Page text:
Temperatures in Shanghai have been at or above 100 degrees every day for about three weeks; it's the city's hottest summer in 140 years. The heat has killed 11 and driven tens of thousands into the indoor children's play areas in malls, myself and toddler included.
As their children trampolined in netted cages, nearly every parent—and many grandparents—sat or stood, face glued to a mobile device. Most of them were watching a foreign TV program or film. Granted, I have become accustomed to the sight of Shanghaiers glued to TV programs on tablets and smartphones while waiting for buses or subways, while on buses and subways, in line at KFC and Starbucks, and in a few cases while at work. But at the play area, I watched as parents became oblivious to their children in favor of Korean and US shows. One dad stayed glued to his iPad as his son loudly yelled for the man to watch him go down the slide. He was watching the US show Arrow.
For maybe the first time in over 25 years spent on and off in China, I watched Chinese parents largely ignore their (often otherwise doted-upon) children. All because of the CW Network.
Video sites in China are racking up billions of hours of views and seeing 50 percent quarter-to-quarter growth. Part of this is driven by a three-year, 350 percent growth in mobile web use in lower tier cities and an abandonment of broadcast TV by everyone except the elderly. During December's UEFA soccer championships, one P2P video site recorded viewers numbering 40 percent of CCTV's, a staggering accomplishment.
Youku Tudou, Sohu, Baidu, LeTV and Qiyi are just a few of the unending number of options where users can watch old and new movies from Hollywood as well as currently running shows from China, South Korea, Hong Kong, Japan and the US.
"I love Gossip Girl," one twenty-something Shanghai professional told me, rather embarrassed. She also watches all The Big Bang Theory and The Walking Dead episodes. She's currently very into Two Broke Girls. A decade after it went off the air, Friends is still pulling in millions of Chinese viewers. The woman tells me she'll still go back and rewatch Friends episodes when she's bored.
Youku Tudou—"Tudou" means "potato" in Chinese—recently reported that China viewership of its US TV programs increased 400 percent from 2011 to 2012. In a few cases like Arrow, more Chinese viewers may be watching US shows than Americans. Two Broke Girls episodes regularly log over 1 million views on Sohu alone. The CW cheered as it pulled in over 4 million viewers for the debut of Arrow late last year, which has been viewed 7,912,582 times on Sohu. On Youku, Season 3 of The Walking Dead recently set a record in China with over 95 million viewers. (Notably, Zombie drama Walking Dead was a huge hit in China and faced no censorship issues. Meanwhile, World War Z was denied a China release due to its plot focus on the sensative "subject matter of the undead.")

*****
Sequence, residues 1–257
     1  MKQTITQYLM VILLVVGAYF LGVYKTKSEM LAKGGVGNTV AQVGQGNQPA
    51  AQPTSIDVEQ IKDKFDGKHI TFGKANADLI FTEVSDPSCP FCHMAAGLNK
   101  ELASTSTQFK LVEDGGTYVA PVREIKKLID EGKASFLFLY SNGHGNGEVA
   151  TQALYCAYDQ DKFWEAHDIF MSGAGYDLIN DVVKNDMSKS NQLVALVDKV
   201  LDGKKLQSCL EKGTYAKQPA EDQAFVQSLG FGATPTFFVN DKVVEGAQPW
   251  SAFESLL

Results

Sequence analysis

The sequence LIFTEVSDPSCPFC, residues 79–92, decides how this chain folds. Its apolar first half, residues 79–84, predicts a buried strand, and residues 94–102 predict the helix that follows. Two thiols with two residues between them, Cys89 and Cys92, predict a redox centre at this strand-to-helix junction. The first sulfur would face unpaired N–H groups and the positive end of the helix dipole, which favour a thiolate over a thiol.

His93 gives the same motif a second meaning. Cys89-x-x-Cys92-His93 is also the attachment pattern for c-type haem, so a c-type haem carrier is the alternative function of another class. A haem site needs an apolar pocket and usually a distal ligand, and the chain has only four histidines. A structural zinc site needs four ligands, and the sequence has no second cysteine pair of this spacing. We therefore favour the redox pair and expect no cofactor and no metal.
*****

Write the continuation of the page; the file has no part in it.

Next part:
While there is favoritism shown for easily-accessible plot lines like those offered by Arrow, Friends and Two Broke Girls (i.e., Seinfeld will never, ever have an audience in China), viewers here are displaying an increasingly complex palate.
Another young professional tells me he loves Mad Men. He agrees with his friend, a factory HR representative, that Game of Thrones is addictive. "I watched one whole season one night and was sleeping at my desk the next morning," he admitted.
Showtime's new show Ray Donovan is pulling in viewers in the US but also on Sohu. Season 1, on Sohu alone, has been watched nearly 500,000 times, with another few hundred thousand views on Tudou. Episode 1 of Season 6 of Mad Men has been watched over 580,000 times on Sohu as well. And to drive the nail home on the diversity of possibilities for US programs in China, episode one, season one of Showtime's Homeland and Netflix's House of Cards—both complex dramas involving the extremely foreign minutia of America's political system—have been watched 4.5 and 4.16 million times, respectively. It gets better: those 8.5 million-plus views are from one video platform alone. Keep in mind, DVDs of almost all of these programs are available on the street for a few dollars.
If China's 2010 IPR TV show crackdown—which saw dozens of US programs pulled from video sites—was a low point, today might be China's golden age of watching US TV. Much of this is a result of a deal signed earlier this year which saw Youku Tudou strike a deal with US networks to add a grab bag of 33 American shows to its licensed library.
It's worth noting locals aren't ignoring native programming either. Many of the 86 episodes on Sohu of Chinese comedy Happy Everyday (天天有喜) have 4 to 6 million views, while Taiwan's juggernaut When Love Walked In (爱情闯进门) brings in anywhere from 33 to 44 million views per episode.
While the majority of the attention has been focused on building a market for US films in China, the more attractive, and ultimately more accessible market may be US TV.
Abe Sauer is a brandchannel contributor living in Shanghai.